Yesterday, physicists announced the discovery of a strange anomaly, one that cannot easily be explained by our current understanding of particle physics. We examine what's really going on here, and why we all may have missed the really exciting discovery.
What's the background for this result?
The experiment in question involved Fermilab's Tevatron collider together billions of protons and antiprotons. Since these collisions happen at very high velocities, a lot of energy is created in the aftermath of the collision, which in turn can briefly create massive subatomic particles that don't generally exist in the everyday world.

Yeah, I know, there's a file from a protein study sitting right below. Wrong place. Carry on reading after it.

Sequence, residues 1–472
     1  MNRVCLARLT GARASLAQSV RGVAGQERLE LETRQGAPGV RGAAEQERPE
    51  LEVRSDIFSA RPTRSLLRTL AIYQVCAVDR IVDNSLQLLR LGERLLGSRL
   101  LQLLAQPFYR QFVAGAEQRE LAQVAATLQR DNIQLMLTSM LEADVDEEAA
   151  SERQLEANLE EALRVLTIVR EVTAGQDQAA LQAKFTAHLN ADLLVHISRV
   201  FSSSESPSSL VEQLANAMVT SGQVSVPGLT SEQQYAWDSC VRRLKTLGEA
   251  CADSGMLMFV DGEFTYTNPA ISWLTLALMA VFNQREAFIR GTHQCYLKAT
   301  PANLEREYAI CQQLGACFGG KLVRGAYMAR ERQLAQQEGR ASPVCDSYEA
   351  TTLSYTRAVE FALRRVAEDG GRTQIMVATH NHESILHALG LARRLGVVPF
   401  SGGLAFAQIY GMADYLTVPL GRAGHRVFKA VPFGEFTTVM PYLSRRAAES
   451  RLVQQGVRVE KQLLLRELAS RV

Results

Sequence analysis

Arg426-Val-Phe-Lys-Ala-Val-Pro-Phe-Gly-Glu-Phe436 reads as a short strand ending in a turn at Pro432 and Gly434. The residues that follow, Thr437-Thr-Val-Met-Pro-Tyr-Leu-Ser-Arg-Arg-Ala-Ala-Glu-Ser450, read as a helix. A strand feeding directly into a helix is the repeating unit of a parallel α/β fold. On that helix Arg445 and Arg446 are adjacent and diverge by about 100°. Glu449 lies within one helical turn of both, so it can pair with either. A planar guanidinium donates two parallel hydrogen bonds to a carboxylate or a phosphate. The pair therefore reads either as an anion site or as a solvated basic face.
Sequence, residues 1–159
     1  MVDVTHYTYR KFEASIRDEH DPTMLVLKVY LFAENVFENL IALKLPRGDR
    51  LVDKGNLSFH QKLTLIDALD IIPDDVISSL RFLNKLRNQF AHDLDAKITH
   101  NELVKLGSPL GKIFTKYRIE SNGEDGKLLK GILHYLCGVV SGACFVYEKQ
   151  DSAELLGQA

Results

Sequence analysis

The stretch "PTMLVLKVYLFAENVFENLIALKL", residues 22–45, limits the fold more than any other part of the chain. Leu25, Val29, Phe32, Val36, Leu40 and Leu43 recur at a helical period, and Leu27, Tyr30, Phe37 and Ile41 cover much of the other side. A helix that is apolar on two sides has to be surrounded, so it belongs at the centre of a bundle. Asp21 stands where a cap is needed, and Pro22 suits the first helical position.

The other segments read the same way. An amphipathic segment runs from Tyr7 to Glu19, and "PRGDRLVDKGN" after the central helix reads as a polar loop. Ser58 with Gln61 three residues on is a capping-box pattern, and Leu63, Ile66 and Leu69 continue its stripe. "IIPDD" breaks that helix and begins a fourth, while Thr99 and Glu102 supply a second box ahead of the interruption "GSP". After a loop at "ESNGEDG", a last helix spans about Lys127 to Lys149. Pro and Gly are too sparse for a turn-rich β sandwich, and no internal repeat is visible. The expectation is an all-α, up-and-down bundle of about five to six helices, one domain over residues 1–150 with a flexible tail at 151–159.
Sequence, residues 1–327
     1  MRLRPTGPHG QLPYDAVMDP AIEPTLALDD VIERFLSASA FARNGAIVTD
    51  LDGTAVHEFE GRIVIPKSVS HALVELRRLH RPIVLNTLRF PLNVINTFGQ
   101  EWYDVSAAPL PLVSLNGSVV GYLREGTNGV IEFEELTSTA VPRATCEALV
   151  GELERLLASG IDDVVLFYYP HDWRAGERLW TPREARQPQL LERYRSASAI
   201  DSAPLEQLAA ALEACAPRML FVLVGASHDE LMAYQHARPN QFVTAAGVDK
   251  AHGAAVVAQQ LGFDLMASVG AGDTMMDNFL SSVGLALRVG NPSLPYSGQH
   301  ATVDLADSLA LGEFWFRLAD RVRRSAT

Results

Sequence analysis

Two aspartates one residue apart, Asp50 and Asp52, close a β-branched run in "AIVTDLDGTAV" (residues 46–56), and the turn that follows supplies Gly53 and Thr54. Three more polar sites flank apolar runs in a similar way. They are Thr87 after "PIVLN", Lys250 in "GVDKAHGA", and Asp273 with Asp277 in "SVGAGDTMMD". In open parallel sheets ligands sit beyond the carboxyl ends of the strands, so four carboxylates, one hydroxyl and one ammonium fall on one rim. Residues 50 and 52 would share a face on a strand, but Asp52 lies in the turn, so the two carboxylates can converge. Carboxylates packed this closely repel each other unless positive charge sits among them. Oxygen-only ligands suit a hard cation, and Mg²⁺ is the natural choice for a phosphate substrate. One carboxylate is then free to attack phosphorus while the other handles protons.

These particles then, in turn, decay into less massive, more stable particles, and these can then be analyzed to figure out what the heavier particles were. In this part of the experiment, the researchers were looking for collisions that created the W boson, a particle about 87 times the mass of a proton, as well as sprays of particles known as jets.
These jets are the result of free quarks being created, which then very quickly combine with other quarks or antiquarks to form composite particles, which spread out in these energetic cones. For more background on quarks and W bosons, you can check out our primer, but that's enough for our purposes here.